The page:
Unlike other stage to screen adaptations like Les Misérables (2012), awkwardly using the gritty aesthetic of a war film, Oh! What a Lovely War remains theatrical in its film version. The wooden floorboards of the Brighton Pier become a makeshift stage for the film’s events, a variety music hall transfiguring the mundane and everyday into symbolic objects: marionettes into soldiers in the game of war; rifle ranges become guns in the trenches; binoculars on the pier become a lookout post. It becomes a wraparound for vignettes from throughout the war, from early negotiations through to its aftermath.
The audience is positioned within other stages too: Maggie Smith’s character’s performance in the theatre to a watching audience (both us as viewers and the theatre audience in 1914); the vast, cavernous enclosed spaces of the train station, full of extras; the white walled palace of the opening scenes, where the nations of Europe negotiate, so bare that it is a theatrical set in itself. Scenes merge from one into the other: fireworks transform into shellfire in moonlit trenches, as easy as a brief costume change or a change in set dressing; with no physical movement but an illusion achieved in seconds.
Attenborough’s visual style helps make the film. His compositions are perfect, riffing on paintings and creating multi-layered images with depth. The film is rife with symbolism, owing much to theatre. There is a recurrent image of soldiers as poppies, holding them before they go to their deaths. In death, they are given red blankets to cover their corpses.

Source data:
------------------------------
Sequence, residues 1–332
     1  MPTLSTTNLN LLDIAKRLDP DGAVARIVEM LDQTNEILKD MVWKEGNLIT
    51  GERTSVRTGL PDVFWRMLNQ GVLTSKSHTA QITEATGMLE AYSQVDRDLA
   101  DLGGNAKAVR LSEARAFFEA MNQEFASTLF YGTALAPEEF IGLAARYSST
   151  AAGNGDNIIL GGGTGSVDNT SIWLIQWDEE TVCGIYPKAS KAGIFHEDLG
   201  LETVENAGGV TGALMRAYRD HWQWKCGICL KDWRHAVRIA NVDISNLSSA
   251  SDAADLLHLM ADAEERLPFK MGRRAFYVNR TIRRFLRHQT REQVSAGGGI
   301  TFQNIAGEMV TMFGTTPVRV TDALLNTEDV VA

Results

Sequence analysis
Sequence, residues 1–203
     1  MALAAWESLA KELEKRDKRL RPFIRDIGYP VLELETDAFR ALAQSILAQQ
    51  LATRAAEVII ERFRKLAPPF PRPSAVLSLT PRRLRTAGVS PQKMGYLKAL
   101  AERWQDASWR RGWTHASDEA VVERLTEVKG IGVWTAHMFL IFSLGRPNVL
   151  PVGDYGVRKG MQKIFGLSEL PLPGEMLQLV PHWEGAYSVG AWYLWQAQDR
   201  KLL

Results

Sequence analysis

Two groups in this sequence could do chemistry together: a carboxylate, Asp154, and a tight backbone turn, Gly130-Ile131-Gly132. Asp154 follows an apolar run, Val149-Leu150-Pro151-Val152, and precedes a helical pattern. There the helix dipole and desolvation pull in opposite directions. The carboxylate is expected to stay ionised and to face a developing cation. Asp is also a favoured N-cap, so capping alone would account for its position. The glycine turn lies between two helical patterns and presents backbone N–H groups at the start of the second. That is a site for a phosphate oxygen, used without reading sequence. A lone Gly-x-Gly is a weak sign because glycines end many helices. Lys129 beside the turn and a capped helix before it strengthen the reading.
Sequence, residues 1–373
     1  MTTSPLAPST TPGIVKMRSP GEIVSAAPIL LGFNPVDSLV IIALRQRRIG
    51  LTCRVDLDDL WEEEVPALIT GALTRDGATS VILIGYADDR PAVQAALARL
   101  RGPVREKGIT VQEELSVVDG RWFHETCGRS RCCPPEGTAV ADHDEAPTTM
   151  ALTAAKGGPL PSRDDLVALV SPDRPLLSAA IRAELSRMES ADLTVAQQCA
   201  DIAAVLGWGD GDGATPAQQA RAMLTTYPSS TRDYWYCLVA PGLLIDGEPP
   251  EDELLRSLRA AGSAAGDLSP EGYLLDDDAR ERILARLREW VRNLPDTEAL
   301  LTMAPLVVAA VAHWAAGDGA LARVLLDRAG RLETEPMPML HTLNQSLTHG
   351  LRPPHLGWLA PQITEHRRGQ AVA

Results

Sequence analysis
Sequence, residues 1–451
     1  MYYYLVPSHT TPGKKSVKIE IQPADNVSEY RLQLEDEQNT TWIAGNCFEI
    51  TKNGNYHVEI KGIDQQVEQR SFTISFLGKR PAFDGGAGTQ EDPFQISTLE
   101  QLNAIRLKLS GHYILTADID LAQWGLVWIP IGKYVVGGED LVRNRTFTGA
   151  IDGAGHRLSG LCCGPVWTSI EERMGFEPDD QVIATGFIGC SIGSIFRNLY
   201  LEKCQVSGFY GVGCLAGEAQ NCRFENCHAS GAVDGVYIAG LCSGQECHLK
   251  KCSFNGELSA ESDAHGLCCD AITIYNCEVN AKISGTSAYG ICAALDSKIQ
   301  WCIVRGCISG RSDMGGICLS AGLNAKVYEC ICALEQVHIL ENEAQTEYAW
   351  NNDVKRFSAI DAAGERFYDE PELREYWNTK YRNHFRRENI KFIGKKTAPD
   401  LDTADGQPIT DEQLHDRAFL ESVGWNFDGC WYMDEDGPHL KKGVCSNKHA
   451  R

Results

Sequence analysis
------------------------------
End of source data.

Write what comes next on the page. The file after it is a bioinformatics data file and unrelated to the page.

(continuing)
Musicals have never appealed much to me; even the most well-regarded films of Rodgers and Hammerstein, like The Sound of Music (1965), bring actual pain. There are still songs here which make me want to gag, but the incorporation of soldiers singing songs of the time in the trenches create a sense of realism into a highly stylised film.
In some ways, a feminist portrayal of war is created. Not only does the Brighton Pier create a stage for the audience, it also creates a portrayal of the war back home, concurrent to life in the trenches – the southern coast away from the western front. War interrupts the end of the ‘golden’ Edwardian era: families on a June day by the seaside exist side by side to the patriotic marching band, the king’s men who become soldiers in combat.
In this world, women thrive. The suffragist movement, so often overlooked or considered in isolation: Pankhurst’s death, or the victory in 1918, are considered apart from the war, rather than an essential part and consequence of it. A campaigner is given the expected vitriol given to all conscientious objectors at the time; by the film’s end, the men have been buried in white, unmarked graves – with the white specks of the women of the family remaining in focus; women have ascended past the war.
Its satirical edge may not be the most accurate portrait of the war, promoting an image of an incompetent British Army that is not the entire truth; events like the Christmas truce exist somewhere between apocrypha and reality. But it creates a compelling attack on war, even outside of the musical numbers, through a heavy sense of juxtaposition. It could easily descend into offensive territory, belittling human suffering in the way The Producers (1967) satirised through its fictitious musical Springtime for Hitler, yet it never quite gets there.